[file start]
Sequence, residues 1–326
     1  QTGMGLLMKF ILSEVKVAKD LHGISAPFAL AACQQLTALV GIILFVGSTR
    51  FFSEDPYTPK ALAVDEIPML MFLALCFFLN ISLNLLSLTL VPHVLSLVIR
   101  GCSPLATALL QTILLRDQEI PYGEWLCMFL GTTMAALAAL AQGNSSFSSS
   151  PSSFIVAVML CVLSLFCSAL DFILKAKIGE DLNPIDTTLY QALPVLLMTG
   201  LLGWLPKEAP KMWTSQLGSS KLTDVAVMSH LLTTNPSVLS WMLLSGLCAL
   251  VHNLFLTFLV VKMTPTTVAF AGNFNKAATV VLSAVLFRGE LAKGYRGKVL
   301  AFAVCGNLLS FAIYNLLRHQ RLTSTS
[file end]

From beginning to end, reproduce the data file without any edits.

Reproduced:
Sequence, residues 1–326
     1  QTGMGLLMKF ILSEVKVAKD LHGISAPFAL AACQQLTALV GIILFVGSTR
    51  FFSEDPYTPK ALAVDEIPML MFLALCFFLN ISLNLLSLTL VPHVLSLVIR
   101  GCSPLATALL QTILLRDQEI PYGEWLCMFL GTTMAALAAL AQGNSSFSSS
   151  PSSFIVAVML CVLSLFCSAL DFILKAKIGE DLNPIDTTLY QALPVLLMTG
   201  LLGWLPKEAP KMWTSQLGSS KLTDVAVMSH LLTTNPSVLS WMLLSGLCAL
   251  VHNLFLTFLV VKMTPTTVAF AGNFNKAATV VLSAVLFRGE LAKGYRGKVL
   301  AFAVCGNLLS FAIYNLLRHQ RLTSTS